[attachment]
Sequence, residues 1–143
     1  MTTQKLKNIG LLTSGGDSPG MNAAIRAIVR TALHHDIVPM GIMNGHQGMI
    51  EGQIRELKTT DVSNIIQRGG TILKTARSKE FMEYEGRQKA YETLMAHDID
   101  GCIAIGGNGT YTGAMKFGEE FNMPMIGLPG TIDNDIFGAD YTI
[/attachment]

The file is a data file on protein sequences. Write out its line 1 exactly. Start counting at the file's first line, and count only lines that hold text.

Sequence, residues 1–143